Over the course of the year, she got to know the bear better. She found he was very kind and had a sense of humor too. She enjoyed her time at the ice castle, but every night, the man slipped into bed beside her even if she tried to take up the whole bed. She didn’t like that part of her stay.
When she only had ten or so days left of her year with him, Strawberry visited her family. She told them how happy she was at the castle, and how kind the bear was, but there was a man who came and got in her bed every night.
Her mother was very alarmed. (As she should be.) She gave Strawberry a lantern and some matches and told her to look at the man. So Strawberry went back to the castle, and soon it was the 101st night, her last night with the bear.
“The 366th night.”
“You said she stayed with him for a year and a day. That’s 366 nights, not 101. And I still don’t get why she needed to stay for a year and a day.”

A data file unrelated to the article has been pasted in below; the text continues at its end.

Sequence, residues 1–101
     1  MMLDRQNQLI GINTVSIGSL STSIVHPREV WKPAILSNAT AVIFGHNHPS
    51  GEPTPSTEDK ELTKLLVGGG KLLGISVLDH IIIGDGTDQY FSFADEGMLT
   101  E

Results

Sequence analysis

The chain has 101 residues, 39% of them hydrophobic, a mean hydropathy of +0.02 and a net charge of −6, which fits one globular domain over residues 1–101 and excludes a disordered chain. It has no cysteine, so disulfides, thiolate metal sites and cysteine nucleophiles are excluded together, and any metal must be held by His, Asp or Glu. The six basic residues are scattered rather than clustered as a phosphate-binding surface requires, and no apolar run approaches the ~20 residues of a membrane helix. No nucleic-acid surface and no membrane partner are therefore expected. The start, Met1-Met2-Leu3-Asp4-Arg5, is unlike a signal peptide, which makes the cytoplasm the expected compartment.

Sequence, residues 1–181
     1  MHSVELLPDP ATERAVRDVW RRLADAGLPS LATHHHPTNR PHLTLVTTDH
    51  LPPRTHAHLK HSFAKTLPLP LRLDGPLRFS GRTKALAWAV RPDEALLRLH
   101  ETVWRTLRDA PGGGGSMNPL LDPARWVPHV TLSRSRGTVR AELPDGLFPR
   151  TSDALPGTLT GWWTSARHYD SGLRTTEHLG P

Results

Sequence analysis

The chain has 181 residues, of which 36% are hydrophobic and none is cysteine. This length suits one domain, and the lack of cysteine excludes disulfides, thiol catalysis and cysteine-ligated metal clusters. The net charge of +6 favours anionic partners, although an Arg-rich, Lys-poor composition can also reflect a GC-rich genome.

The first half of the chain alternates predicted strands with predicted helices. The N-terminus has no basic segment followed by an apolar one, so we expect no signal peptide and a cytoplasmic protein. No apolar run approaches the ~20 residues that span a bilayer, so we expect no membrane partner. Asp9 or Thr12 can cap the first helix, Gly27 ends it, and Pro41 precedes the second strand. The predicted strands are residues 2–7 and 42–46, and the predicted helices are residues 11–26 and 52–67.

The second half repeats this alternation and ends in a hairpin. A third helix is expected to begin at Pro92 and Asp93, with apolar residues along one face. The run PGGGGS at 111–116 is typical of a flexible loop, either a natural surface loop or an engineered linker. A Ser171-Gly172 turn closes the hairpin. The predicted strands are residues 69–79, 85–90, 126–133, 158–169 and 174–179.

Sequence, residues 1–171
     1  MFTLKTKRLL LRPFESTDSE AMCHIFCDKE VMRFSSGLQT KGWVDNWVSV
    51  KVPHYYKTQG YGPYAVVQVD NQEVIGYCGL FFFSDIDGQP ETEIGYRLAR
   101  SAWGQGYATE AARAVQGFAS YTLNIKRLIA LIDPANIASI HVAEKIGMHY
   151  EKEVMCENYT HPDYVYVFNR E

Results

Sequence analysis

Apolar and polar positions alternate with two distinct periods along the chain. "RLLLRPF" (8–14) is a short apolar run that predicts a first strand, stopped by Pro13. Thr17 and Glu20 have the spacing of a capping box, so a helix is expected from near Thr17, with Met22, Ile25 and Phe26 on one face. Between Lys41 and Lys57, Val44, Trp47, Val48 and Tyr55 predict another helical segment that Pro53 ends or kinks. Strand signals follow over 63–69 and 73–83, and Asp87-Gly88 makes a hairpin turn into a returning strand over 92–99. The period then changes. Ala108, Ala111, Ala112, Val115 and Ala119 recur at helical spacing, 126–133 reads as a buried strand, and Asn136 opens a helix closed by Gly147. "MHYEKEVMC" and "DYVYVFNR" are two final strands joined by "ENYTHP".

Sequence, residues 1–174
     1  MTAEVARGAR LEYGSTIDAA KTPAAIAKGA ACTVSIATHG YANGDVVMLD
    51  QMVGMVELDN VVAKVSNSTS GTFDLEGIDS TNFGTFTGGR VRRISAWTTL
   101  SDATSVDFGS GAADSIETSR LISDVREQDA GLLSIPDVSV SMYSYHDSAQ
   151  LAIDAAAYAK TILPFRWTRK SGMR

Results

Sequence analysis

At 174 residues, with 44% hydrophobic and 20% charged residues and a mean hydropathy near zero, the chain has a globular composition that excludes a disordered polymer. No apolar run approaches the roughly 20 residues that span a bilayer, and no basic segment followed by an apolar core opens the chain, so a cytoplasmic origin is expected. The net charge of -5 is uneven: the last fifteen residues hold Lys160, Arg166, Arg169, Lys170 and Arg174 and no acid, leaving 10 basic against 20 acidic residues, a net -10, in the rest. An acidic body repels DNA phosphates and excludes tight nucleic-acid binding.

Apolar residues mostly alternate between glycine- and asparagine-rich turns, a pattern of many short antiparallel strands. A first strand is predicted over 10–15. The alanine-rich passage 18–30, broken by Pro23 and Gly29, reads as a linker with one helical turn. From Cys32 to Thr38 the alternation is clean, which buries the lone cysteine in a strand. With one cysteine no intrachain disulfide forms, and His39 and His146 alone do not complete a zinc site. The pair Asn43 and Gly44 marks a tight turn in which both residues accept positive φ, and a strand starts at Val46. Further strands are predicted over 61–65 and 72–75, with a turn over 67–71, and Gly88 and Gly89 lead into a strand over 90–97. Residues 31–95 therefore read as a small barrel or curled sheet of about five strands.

“I got mixed up. And it’s because it sounds cool, okay?”
It was the 366th night. Strawberry thought about the bear and how kind he had always been to her. She thought about how he told her never to look at the man. Then she reached for the lantern and lit the match.
She did not recognize the man laying beside her (although that wasn’t very surprising because the bear was the only other person she had seen at the castle.) He opened his eyes and looked at her.
“Strawberry. What have you done?”
Then there was a bunch of light and wind and evil cackling and the next thing Strawberry knew she was sitting on the ground where the ice castle used to be and the polar bear was nowhere to be found.
Luckily, the North Wind was nearby, and he knew what was going on.